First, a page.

The wheel is a revolutionary invention — as they say — but going back to basics sometimes opens new pathways. Robots that traverse terrain on legs are on the rise, most notably the Boston Dynamics Big Dog series of robots — and [Ghost Robotics]’ Minitaur quadruped aims to keep pace.
One of [Ghost Robotics] founders, [Gavin Knneally] states that co-ordination is one of the main problems to overcome when developing quadruped robots; being designed to clamber across especially harsh terrain, Minitaur’s staccato steps carry it up steep hills, stairs, across ice, and more. Its legs also allow it to adjust its height — the video shows it trot up to a car, hunker down, then begin to waddle underneath with ease.
Continue reading “Quadruped Robot Can Crawl Under Cars And Jump-Kick-Open Doors”
The ESP8266 is finding its way into all sorts of projects these days. It’s a capable little device, to be sure, but we’d have to say that finding it running a quadruped robot that can hop and run was a little unexpected. And to have it show up in such an adorable design was pretty cool too.
From the looks of [Javier Isabel]’s build log, he put a lot of thought into [Kame]. All the body parts and linkages are 3D printed from PLA, with the nice touch of adding a contrasting color. The legs are powered by eight high-speed Turnigy servos, and good quality bearings are used in the linkages. A NodeMCU runs the show with custom oscillator algorithms that control the various gaits, including the hopping motion. The BOM even lists “Adhesive 12mm diameter eyes” – perhaps that’s some sort of slang for the more technically correct “googly eyes.”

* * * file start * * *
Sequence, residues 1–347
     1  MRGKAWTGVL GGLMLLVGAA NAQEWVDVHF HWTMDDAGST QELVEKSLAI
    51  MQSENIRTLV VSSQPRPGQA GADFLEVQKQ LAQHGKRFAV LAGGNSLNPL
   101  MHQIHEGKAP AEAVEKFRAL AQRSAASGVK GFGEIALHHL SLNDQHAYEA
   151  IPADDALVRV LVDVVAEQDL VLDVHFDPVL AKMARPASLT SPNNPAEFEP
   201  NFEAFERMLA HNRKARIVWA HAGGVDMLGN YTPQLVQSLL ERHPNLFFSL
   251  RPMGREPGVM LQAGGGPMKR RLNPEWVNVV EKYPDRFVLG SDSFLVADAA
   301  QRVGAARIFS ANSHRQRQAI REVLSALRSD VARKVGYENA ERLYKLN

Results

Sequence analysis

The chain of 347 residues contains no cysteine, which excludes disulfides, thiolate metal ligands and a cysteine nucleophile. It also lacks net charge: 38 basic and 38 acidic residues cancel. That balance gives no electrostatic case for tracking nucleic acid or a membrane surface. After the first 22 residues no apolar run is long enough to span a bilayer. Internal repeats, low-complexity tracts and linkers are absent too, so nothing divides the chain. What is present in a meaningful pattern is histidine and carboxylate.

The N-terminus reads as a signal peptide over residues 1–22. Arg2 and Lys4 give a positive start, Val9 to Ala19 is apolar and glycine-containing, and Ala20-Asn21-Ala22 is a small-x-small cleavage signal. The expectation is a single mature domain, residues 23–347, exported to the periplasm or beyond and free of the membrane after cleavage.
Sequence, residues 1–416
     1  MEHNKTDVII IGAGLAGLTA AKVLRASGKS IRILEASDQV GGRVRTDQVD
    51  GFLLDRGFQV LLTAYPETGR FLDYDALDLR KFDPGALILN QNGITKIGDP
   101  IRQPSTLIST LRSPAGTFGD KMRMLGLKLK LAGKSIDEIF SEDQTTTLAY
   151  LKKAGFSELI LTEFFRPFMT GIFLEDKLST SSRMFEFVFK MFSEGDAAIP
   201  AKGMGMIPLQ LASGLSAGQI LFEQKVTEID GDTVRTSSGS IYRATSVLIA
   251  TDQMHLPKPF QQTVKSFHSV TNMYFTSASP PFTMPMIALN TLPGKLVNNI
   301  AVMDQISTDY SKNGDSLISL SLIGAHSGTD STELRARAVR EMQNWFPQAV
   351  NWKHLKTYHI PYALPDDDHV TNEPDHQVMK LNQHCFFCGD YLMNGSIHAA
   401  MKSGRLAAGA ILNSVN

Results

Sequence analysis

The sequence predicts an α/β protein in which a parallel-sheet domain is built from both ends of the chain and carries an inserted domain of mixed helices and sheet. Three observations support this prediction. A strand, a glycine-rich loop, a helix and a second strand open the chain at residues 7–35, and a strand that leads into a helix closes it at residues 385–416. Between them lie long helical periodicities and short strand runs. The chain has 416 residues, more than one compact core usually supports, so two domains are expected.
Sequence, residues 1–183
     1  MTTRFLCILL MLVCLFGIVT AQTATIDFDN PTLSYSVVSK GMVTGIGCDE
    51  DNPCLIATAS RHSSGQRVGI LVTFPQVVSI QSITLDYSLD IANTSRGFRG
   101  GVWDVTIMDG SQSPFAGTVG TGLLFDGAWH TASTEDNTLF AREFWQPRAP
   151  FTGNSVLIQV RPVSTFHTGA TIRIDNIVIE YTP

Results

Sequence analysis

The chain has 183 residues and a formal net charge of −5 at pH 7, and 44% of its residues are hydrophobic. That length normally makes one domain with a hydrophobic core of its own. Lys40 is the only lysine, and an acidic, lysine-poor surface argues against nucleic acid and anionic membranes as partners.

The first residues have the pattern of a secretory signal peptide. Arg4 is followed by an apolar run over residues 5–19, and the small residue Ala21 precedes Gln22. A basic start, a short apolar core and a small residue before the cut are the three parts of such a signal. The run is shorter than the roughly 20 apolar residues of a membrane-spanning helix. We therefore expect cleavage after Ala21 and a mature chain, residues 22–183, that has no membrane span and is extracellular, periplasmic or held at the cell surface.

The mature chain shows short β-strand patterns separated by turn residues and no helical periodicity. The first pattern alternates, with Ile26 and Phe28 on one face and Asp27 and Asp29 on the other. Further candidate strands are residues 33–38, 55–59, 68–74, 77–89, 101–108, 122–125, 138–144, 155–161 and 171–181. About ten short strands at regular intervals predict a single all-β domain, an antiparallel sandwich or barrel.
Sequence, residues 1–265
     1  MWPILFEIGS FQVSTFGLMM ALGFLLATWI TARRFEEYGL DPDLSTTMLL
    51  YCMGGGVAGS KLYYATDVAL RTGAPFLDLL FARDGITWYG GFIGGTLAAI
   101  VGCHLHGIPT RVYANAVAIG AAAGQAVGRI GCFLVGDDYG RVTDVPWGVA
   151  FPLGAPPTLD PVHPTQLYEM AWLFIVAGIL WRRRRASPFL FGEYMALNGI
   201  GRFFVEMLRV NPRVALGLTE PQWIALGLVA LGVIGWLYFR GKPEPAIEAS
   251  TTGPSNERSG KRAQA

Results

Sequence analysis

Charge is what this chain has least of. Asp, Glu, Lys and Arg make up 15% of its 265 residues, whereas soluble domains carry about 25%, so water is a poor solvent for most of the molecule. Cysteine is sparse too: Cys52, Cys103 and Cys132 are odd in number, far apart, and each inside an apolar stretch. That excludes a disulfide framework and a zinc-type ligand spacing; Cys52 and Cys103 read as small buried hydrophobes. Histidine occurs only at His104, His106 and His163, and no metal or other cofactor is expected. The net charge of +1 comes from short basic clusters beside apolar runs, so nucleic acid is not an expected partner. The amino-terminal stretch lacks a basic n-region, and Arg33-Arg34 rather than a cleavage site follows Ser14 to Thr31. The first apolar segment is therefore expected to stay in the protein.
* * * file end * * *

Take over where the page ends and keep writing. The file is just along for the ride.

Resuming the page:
Built primarily as a test platform for studying different gaits, there doesn’t seem to be much in the way of sensors in [Kame]’s current incarnation. But with an ESP8266 under the hood, the possibilities for autonomous operation are good. We look forward to seeing where this project goes next. And we kid about the cuteness factor, but never doubt the power of an attractive design to get the creative juices flowing.
We’ve covered a lot of quadruped robots before, and a lot of them seem to trend toward the cute end of the spectrum. Check out this baby-quad that’s learning to walk or this quad that thinks it’s a puppy.
Continue reading “Adorable Quadruped Robot Hops And Walks”